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Feasibility of laparoscopic myomectomy is now accepted even if the attention is still stressed on technical difficulties due to myoma location and size and difficulty in reapproximating the incision by laparoscopic suturing that requires perfect mastery of endoscopic suturing.
Reprinted with kind permission from TheTrocar.com
Feasibility of laparoscopic myomectomy is now accepted even if the attention is still stressed on technical difficulties due to myoma location and size and difficulty in reapproximating the incision by laparoscopic suturing that requires perfect mastery of endoscopic suturing. The problem raises doubts about how solid is the uterine wall after laparoscopic myomectomy for patients desiring pregnancy. Uterine defective healing may in fact depend on lack in training or applying of a too superficial suture which can lead to formation of intramural haematomas, indentations and uterine fistulas.
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Moreover, suture affects the length of the entire procedure for about half the time.
We have calculated that for myomas 6-8 cm in diameter:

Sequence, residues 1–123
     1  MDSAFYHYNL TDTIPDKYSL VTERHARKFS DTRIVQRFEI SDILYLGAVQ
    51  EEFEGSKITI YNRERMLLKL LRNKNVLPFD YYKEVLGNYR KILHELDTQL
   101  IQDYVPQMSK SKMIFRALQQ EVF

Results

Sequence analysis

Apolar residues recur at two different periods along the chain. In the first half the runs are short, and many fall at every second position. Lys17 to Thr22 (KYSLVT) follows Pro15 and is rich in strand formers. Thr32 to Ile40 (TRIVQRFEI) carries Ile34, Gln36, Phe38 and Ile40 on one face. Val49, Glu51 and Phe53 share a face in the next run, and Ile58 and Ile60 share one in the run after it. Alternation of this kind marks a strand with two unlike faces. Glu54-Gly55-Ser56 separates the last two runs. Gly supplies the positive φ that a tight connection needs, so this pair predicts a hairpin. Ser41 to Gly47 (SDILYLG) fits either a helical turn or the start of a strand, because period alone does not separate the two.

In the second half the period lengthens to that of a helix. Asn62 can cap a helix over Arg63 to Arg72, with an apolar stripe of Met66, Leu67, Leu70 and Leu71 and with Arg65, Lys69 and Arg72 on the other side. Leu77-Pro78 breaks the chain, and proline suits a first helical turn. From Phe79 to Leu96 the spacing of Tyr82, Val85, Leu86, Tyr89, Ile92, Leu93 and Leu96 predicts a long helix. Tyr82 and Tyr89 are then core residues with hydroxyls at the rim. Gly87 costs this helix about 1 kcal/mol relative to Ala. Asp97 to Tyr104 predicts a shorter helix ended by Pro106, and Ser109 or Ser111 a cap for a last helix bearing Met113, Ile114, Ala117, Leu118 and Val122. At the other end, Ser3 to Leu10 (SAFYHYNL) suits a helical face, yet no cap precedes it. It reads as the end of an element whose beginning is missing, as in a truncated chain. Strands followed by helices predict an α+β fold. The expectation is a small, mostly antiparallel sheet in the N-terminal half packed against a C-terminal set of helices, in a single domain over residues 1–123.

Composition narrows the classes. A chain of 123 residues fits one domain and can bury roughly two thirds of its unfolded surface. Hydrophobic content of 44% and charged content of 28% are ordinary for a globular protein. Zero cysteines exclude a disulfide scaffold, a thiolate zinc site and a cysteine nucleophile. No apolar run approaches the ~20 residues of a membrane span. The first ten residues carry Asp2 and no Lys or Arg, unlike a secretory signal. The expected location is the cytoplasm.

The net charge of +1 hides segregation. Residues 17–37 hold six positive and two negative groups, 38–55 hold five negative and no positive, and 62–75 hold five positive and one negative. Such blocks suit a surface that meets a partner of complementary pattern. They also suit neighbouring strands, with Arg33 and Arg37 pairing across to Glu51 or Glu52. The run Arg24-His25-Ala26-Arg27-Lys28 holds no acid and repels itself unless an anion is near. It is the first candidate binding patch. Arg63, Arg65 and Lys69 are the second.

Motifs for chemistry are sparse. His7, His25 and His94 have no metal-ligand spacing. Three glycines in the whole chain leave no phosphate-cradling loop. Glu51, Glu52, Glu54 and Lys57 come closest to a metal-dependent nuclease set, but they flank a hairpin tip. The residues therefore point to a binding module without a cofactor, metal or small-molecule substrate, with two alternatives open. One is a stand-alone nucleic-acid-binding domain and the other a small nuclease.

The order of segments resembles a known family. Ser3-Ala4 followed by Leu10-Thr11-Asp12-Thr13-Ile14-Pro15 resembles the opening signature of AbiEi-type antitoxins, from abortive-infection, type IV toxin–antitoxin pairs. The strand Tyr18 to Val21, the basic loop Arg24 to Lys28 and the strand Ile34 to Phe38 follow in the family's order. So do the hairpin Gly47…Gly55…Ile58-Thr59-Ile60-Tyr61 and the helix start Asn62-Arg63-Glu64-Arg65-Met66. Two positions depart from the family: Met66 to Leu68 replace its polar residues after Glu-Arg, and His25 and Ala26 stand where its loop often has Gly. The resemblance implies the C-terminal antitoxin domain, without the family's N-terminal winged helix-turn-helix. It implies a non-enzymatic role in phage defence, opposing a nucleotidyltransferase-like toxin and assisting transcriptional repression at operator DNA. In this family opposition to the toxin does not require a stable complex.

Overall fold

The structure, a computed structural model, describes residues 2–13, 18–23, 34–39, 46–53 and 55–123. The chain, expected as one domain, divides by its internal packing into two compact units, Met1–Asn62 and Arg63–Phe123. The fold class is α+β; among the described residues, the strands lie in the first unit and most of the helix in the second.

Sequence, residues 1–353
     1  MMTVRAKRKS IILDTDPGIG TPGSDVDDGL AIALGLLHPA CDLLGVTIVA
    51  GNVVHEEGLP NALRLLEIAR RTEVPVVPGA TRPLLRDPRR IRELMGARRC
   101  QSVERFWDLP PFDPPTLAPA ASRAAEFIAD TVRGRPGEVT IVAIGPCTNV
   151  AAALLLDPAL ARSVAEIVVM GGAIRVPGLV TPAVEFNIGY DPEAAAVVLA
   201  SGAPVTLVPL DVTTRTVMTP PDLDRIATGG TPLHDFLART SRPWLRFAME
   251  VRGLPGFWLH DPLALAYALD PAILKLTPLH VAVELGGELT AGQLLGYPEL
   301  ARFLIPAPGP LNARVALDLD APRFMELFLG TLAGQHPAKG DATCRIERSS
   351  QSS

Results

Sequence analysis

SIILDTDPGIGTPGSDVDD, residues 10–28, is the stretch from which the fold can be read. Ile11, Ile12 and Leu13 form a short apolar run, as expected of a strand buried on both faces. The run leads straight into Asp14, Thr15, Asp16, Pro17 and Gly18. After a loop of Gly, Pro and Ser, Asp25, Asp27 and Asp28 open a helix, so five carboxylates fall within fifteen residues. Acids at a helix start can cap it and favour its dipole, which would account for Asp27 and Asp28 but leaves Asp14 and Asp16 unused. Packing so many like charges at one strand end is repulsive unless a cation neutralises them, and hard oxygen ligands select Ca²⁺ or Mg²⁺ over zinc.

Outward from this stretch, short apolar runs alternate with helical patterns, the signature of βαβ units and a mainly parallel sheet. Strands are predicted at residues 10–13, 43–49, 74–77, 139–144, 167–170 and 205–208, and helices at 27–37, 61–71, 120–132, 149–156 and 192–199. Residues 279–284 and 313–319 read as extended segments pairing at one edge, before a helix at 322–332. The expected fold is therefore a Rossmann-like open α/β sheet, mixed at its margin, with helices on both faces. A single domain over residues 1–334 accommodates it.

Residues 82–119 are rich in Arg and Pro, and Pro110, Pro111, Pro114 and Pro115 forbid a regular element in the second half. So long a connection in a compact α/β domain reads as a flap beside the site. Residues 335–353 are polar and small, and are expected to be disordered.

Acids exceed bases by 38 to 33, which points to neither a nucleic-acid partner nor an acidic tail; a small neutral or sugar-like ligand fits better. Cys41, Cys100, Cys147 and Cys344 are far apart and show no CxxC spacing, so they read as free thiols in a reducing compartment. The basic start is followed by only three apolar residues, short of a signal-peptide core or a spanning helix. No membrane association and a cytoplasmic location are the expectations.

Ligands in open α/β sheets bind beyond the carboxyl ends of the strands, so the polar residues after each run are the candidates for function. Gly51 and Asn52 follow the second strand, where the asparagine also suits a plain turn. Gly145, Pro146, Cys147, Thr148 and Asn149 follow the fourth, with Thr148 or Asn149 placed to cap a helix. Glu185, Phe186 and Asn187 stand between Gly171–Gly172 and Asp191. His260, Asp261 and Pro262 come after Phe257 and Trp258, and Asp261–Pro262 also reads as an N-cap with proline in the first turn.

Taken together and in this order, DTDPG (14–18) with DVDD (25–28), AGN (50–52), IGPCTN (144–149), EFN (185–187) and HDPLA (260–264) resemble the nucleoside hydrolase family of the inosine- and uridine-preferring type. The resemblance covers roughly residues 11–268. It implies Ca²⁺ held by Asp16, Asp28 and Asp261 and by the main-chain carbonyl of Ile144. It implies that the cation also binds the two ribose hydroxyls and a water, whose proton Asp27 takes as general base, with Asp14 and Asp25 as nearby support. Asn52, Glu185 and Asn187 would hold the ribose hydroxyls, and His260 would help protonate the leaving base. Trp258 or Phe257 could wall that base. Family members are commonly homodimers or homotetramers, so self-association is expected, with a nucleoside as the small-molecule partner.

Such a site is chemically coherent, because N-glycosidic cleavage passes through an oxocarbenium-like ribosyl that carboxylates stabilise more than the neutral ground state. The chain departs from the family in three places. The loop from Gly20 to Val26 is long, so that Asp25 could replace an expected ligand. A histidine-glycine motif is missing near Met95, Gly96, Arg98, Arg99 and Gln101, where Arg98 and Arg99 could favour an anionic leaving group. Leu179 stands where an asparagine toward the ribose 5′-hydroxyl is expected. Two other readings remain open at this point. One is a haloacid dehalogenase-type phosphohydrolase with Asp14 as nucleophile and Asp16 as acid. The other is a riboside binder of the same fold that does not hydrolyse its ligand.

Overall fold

* 4-5 simple stitches are used
* 4-6 minutes are taken for applying each stitch and tying suture, plus 2-3 minutes for cutting the suture and inserting and removing the needle
* for a total of 30-50 minutes for suture.
Usually, suture is applied using interrupted, simple or more frequently cross-stitches tied intracorporeally using 1 or 0 Polyglactin sutures.
Possible single sutures:
Twenty patients underwent laparoscopic myomectomy for intramural myoma measuring 6 cm in larger diameter using a new technique: a running suture was applied firstly in the deeper plane starting from the apex of the myomectomy scar to the base, continuing along the more superficial plane from the base to the apex. The suture was in the end tied intracorporeally with the tail of the running suture.
Measurements and results
Reapproximation of the margins of the myomectomy scar using this new suturing technique seems to be sturdier and thorougher. On the other hand, the surgeon has to deal with a very long suture which can be cumbersome and disorienting in a narrow field. Moreover, a good teaming and coordination between surgeons is necessary because the assistant has to hold the running suture without being in the way of the operator having to cope in the meantime with the long suture.
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